Whether you are a middle/high school student preparing for a journey towards college or a postgraduate en route to a higher level degree, standardized exams are integral to your application process.
Here at MINDSPIRE, we have more than two decades of experience in test prep and tutoring to help you succeed and begin your path towards educational excellence. We provide test prep and academic tutoring, along with other services, in which we tailor a program that fits your individual needs. However, before we can start the test prep, you must first pick the standardized exam that best fits your academic plan. Below is a quick look at eight significant exams used for acceptance into colleges and private/independent school education:
Private School Entrance Exams
The SSAT (Secondary School Admissions Test) is a standardized exam used for admissions to private/independent elementary, middle, and high schools, including most boarding schools. The SSAT measures reading comprehension, verbal reasoning, and quantitative reasoning (math concepts). It is important to note that there are different levels of this assessment depending on where you are in your education: Upper level is for 8th grade and above, Middle is for grades 5-7, and the Lower level is for applicants in both 3rd and 4th grade.
The ISEE (Independent School Entrance Examination) is an exam used for admissions to private/independent elementary, middle, and high schools. The ISEE measures verbal reasoning, quantitative reasoning, reading comprehension, and mathematics achievements. There are different levels to this assessment based on where you are in your education: Upper level is 9th grade and above, Middle level is for grades 7th and 8th, and the Primary/Lower level is for grades 3rd through 6th.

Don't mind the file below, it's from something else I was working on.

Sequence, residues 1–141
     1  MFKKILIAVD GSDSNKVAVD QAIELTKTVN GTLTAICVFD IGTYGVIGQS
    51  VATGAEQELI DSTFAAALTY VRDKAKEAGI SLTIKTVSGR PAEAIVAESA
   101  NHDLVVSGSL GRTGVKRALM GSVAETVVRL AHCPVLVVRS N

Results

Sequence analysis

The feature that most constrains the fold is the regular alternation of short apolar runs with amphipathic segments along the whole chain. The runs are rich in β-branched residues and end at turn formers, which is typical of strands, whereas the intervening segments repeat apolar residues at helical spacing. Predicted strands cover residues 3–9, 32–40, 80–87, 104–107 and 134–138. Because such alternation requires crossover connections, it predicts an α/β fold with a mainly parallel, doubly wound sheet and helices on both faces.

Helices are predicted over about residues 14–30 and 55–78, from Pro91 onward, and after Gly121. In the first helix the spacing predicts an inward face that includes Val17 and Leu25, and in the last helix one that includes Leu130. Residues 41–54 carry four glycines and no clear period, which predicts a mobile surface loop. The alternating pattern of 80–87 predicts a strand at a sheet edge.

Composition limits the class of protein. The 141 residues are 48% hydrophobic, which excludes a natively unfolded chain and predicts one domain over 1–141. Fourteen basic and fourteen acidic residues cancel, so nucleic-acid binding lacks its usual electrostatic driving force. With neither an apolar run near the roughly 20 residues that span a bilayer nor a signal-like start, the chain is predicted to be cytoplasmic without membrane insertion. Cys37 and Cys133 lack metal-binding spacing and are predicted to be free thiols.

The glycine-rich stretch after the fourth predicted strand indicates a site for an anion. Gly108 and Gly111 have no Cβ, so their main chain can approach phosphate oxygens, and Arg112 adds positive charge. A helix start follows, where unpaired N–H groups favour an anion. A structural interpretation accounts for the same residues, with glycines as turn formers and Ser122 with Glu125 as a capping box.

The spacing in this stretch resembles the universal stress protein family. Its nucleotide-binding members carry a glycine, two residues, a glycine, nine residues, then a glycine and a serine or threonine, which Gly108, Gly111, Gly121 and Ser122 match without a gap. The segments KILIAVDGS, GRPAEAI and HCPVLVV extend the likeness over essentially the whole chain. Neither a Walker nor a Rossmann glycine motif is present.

College Entrance Exams
First, you need to decide which is the best test, ACT or SAT, for you to take to pursue a college admission.
The SAT is an entrance exam used by most colleges and universities to make admissions decisions. The purpose of the exam is to measure a high school student’s readiness for college and also provide colleges with a common data point to compare applicants. The main subject areas for the SAT are Mathematics, Evidence-Based Reading and Writing/Language Arts (Optional Essay Available).
The ACT (American College Test) is also an entrance exam used by colleges and universities to make admissions decisions. The ACT is a curriculum-based achievement test that is used to measure what a student has learned throughout his/her academic career. The main subjects tested on the ACT are English, Mathematics, Reading, and Science (Optional Essay Component).
Graduate School Entrance Exams
The MCAT (Medical College Admissions Test) is a multiple-choice, computer-based, standardized exam required for admission into medical schools in both the United States and Canada; it is the standard measure for comparing applicants. The MCAT helps the medical school admissions office better assess a person’s ability to problem solve, think critically, and the applicants understanding of natural, behavioral, and social science concepts along with other principles needed for the study of medicine.
The Law School Admissions Test (LSAT) is an entrance exam required by most law schools. It is a multiple-choice, paper-and-pencil test that is administered by the Law School Admissions Council. The assessment focuses on critical thinking skills, reading comprehension, information organization, and argument evaluation.
The Graduate Record Examination (GRE) is a computer- adaptive test used by graduate and business schools to make admissions and fellowship decisions. The exam provides a common criterion to compare applicants who have a wide range of academic and professional experience.
The GMAT (Graduate Management Admissions Test) is a computer-adaptive test required by many business schools (MBA programs) for admissions. The exam does not test any specific content area but instead assesses the “mental intelligence” of an individual and their ability to make decisions and use strategies. The exam has four major components: analytical writing assessment, integrated reasoning, quantitative, and verbal.